Riddick and Grosvenor operate the publishing company from the second bedroom-turned-headquarters in their Camden Avenue apartment. Its walls are lined with a computer, boxes of Sadorian's three releases, manuscripts submitted by hopeful writers and FedEx envelopes. Their home office is their shared love of writing made manifest.
The couple met when Grosvenor submitted her self-published novel for a review in Rhapsody, a quarterly literary journal publishing work by black artists that Riddick founded in 1997. "It was her tenacity that attracted me," says Riddick. "She was always asking when I was going to publish the review."
After a positive review and months of e-mail correspondence, the pair finally met in person and established a personal as well as a working relationship. Sadorian Publications began partly as a way to publish Grosvenor's second work of fiction, Like Boogie on Tuesday. Riddick, a North Carolina Central University alumnus who studied for a short time in a publishing program at the University of Baltimore, did all the typesetting and artwork for Grosvenor's book, except for the photography.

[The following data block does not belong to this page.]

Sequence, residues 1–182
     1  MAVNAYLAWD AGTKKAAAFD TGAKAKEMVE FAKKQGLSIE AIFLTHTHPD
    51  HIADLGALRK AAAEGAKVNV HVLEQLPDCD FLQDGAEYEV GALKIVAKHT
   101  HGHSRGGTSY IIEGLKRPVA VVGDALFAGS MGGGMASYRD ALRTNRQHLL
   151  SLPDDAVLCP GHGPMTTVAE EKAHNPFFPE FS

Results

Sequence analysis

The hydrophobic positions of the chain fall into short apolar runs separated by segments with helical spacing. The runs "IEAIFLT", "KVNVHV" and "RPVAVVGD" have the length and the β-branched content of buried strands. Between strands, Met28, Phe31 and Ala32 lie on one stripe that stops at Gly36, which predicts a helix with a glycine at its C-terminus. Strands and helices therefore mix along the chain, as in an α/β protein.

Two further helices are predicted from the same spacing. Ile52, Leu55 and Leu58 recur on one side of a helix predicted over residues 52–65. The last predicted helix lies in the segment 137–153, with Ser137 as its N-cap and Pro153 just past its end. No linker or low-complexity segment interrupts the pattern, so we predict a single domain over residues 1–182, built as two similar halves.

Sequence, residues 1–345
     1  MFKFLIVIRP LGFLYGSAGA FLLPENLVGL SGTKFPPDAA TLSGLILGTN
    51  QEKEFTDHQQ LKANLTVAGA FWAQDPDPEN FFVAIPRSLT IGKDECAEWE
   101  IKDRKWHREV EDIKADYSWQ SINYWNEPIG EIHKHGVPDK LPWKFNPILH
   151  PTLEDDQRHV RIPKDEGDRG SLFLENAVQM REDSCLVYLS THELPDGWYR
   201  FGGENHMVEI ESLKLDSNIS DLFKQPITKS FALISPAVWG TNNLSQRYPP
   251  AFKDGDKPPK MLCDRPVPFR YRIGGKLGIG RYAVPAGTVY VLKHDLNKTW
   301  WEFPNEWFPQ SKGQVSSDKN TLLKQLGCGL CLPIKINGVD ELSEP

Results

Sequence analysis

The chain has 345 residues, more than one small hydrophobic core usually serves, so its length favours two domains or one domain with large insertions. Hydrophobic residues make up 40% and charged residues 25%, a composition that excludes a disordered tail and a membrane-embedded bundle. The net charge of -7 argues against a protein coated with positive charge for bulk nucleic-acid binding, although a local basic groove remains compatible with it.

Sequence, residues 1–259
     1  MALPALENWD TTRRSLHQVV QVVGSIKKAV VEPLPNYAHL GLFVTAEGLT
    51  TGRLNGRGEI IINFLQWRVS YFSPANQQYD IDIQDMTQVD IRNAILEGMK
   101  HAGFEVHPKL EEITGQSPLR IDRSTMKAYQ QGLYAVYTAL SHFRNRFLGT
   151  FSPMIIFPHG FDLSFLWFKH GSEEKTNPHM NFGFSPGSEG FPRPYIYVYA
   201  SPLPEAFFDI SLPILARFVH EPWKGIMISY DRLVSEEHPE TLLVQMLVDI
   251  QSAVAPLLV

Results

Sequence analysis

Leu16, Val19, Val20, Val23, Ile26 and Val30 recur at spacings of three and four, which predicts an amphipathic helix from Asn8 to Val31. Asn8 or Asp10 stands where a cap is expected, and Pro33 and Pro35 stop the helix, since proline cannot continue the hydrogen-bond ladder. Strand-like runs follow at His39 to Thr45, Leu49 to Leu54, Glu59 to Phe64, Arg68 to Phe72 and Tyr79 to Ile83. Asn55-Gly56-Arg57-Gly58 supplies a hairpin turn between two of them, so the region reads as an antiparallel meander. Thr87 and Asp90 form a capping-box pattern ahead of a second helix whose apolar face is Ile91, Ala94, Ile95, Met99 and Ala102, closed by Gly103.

But Sadorian--a name the couple selected for their as-yet unborn first child--was also Riddick and Grosvenor's response to a competitive publishing milieu that can be discouraging to newcomers. As the editor of a N.C. Central literary magazine from 1989 to 1994, Riddick found he "enjoyed publishing other people ... the look on their faces when they see their work in print" for the first time.
While it's difficult for any novice writer to break into the professional ranks and secure the backing of a publisher, it's many times more challenging for black writers. Vanessa Woodward, a Raleigh-based publicist who promotes five black authors, says that new writers often have few options, though that is changing as more small companies crop up. "Most black writers either have to self-publish or go someplace like Sadorian, where they feel like they can get more books on the market quickly," she says. "Having a place like Sadorian, where the editing is done, a kind of one-stop shop, makes it easier."